It seemed to me that grocery stores should have required ID cards for eggs and toilet paper purchased on Halloween night.  They had to know what the ultimate fate of those products would be.  I guess they were more interested in the money which would be brought into the stores by the hoards of teenagers and cared less about what might be done with the purchases.  For whatever reason, we were never questioned as we paid for the supplies and took the cashier receipt and Top Value stamps in return for our combined monies.  The goods were thrown into the back seat of the Cadillac, into the same pile that already contained the bag of balloons.

It was just starting to get dark as we left the store and headed toward West Huntsville.  A quick stop at a gas station on the way was needed for us to finish getting ready for the rest of the night.  Back then, rest rooms were usually on the back of the stations, and the doors were never locked so we didn't have to ask anyone for the key.  Once inside the men's room, Lewis and I went to the sink and started filling the balloons with water while Bob looked in the stall for more toilet paper.  There was none.  Halloween was a terrible night to have to use a public rest room.  There was never any paper in any of them on that night of the year.  Days before, teenagers had started making runs on all the gas stations in town stealing all the rolls of toilet paper they could get their hands on.  We were just too late.  When the balloons were properly filled and redeposited into one of the paper bags from the grocery store, we left the gas station without bothering to buy any gas.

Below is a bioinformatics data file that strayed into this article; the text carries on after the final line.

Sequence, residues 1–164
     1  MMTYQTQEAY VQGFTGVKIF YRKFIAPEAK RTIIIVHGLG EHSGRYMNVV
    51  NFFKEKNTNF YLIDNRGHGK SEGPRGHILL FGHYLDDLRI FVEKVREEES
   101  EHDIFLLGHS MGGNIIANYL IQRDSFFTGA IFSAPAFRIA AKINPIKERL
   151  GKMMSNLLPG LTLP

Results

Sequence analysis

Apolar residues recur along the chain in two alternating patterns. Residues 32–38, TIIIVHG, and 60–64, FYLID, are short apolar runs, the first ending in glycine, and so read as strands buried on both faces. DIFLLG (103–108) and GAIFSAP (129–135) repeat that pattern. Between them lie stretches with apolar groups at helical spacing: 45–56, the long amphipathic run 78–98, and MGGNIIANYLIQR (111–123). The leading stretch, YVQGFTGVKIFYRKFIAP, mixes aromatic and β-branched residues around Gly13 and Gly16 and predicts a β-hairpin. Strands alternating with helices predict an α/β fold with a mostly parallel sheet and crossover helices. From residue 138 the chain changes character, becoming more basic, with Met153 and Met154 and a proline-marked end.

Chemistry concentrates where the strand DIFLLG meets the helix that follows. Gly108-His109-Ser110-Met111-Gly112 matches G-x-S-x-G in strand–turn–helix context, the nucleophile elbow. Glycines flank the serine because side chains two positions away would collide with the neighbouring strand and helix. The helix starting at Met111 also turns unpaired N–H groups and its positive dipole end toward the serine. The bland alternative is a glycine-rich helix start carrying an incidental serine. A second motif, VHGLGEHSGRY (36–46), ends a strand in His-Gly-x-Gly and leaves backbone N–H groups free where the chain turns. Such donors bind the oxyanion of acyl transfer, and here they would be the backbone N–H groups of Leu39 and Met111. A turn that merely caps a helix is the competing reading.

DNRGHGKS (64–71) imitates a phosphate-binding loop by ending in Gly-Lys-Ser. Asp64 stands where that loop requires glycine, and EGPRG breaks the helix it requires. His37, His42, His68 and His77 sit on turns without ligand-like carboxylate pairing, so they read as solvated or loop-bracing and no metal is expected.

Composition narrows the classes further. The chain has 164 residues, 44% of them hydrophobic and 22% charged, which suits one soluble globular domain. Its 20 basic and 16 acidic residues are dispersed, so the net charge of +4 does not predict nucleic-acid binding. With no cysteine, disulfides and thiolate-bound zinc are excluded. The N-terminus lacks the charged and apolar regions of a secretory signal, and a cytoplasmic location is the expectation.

For some reason, David had decided that we needed to go over and roll the yard of the unknown teenage girl that lived in the rough part of Huntsville.  I don't know if it was because he liked the girl or hated her.  Either reason was just cause to decorate her yard with rolls of the soft paper.  Rolling yards was a big event on that night in particular.  The deed took us to a part of the town that was not an area where kids from Lee High School usually spent their evenings.  It was especially not an area where we should have gone on that particular night, but we did and that was that.

David was driving and Bob had procured the honored "shotgun" position, leaving Lewis and me in the back seat with the supplies.  On the way to the girl's house, David turned and drove down an unknown residential street.  It was one of the older streets, lined with big trees and partially lit with dim street lights.  The houses were decorated with the normal ghosts and pumpkins on the front porches, and little demons were scurrying from door to door demanding loot from the houses' occupants.